American High is Fox's new reality TV show (Wednesdays, beginning Aug. 2, 9-10 p.m.). But unlike "Big Brother" and "Survivor," this is no game. What is revealed about American youth is truly eye-opening. Fourteen teenagers from a suburban Chicago high school were given cameras of their own to make video diaries of their experiences, thoughts, and relationships. They were also followed around by camera crews. Then the year-long filming event was shaped into 13 half-hour episodes.
A lot of it is surprising, if not shocking. It's not because we didn't know what kinds of excesses young people in America are exposed to, but because this series of documentaries feels so unvarnished. Unlike MTV's "Real World," the students go about their normal activities, relating to parents and teachers; they are not placed in contrived situations.
Which is to say, something truthful comes through all the careful editing.
Each show is built around a theme - the first is about being a kid, living in a kid's world. The second episode is about identity - the proverbial "Who am I?"
It's clear which of these kids have had enough love and guidance, discipline and freedom - and which could have had better upbringing. But the series is also capable of defeating our expectations. In one case, young Morgan seems to be selfish and self-indulgent, and his father calls him a "rotten kid" on camera - it's appalling, and it's no surprise he acts out.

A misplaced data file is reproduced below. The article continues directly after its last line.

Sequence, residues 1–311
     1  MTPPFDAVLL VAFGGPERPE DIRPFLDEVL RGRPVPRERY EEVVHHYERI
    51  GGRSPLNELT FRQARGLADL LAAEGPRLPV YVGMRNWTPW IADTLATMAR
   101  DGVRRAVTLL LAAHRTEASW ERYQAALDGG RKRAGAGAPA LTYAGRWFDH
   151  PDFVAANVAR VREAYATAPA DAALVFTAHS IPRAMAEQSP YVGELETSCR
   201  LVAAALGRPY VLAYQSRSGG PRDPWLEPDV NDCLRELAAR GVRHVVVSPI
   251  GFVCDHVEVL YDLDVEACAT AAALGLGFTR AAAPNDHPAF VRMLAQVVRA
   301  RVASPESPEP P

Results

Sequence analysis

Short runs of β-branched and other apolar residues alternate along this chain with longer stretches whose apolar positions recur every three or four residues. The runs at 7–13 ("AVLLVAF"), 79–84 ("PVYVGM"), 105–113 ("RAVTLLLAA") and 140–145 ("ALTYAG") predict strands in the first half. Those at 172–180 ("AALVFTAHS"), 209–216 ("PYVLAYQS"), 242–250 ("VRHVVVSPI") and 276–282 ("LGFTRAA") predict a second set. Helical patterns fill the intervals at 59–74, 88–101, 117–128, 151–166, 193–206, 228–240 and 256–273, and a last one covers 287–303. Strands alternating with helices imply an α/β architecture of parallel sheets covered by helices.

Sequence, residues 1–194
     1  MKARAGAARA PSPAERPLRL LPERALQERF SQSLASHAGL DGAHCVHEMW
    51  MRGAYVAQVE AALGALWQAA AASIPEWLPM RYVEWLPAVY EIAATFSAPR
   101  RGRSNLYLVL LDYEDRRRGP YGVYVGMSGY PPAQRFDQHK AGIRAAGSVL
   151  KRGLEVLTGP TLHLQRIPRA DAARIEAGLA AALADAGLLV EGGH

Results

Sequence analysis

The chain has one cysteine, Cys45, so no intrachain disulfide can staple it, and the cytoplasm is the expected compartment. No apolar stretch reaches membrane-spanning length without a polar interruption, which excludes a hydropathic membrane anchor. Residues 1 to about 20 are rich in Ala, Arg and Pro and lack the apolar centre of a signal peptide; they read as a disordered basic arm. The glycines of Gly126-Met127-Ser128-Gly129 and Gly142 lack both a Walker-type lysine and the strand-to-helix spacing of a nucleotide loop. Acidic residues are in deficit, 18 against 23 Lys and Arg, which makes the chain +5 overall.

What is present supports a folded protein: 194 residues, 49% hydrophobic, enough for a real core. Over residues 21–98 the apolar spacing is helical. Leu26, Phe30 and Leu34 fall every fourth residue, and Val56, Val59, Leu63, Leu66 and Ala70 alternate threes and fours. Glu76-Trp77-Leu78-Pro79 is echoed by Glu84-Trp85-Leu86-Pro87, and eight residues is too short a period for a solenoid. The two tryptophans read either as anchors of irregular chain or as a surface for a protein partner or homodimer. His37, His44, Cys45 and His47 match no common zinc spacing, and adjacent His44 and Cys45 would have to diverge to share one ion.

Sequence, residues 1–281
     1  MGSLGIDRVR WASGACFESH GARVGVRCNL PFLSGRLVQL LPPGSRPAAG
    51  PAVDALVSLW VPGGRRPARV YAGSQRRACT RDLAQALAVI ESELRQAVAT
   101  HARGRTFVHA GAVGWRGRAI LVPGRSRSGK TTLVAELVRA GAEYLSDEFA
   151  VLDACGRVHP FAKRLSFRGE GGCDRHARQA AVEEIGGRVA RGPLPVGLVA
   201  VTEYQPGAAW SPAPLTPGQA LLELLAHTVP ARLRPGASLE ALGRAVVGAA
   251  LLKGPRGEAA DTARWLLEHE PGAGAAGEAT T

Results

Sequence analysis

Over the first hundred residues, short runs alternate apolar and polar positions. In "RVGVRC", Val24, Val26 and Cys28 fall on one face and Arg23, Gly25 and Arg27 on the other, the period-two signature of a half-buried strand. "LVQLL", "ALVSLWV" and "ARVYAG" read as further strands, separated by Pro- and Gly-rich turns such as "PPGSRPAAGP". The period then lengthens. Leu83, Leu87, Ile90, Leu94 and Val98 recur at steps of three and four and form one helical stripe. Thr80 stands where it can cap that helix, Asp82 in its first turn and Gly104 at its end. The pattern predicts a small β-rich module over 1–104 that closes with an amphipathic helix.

And then, Morgan's better nature surfaces. In a revealing moment we see him working with disabled teens - and he's really good at it. In a voice-over, he tells us he might want to be a teacher someday and work with handicapped children. When Morgan behaves badly or voices materialistic concerns, he's not nearly so at home in himself as he is with the special children he helps.
So it's well not to make any premature judgments about these children. If anything, it makes viewers appreciate how dear they are - even if we want to see them rescued from their darker inclinations.
The high school where the year-long filming went on was enthusiastic and supportive of the filmmakers. The students, chosen from senior-class volunteers, are meant to represent a cross section of the population. But these are all kids who want to tell their story.